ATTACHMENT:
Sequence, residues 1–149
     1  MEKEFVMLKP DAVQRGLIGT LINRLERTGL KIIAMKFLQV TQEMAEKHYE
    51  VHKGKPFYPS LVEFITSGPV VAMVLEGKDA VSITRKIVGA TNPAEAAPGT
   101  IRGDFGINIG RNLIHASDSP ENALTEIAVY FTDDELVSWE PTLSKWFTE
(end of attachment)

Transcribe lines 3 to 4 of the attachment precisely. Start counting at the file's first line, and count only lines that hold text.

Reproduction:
    51  VHKGKPFYPS LVEFITSGPV VAMVLEGKDA VSITRKIVGA TNPAEAAPGT
   101  IRGDFGINIG RNLIHASDSP ENALTEIAVY FTDDELVSWE PTLSKWFTE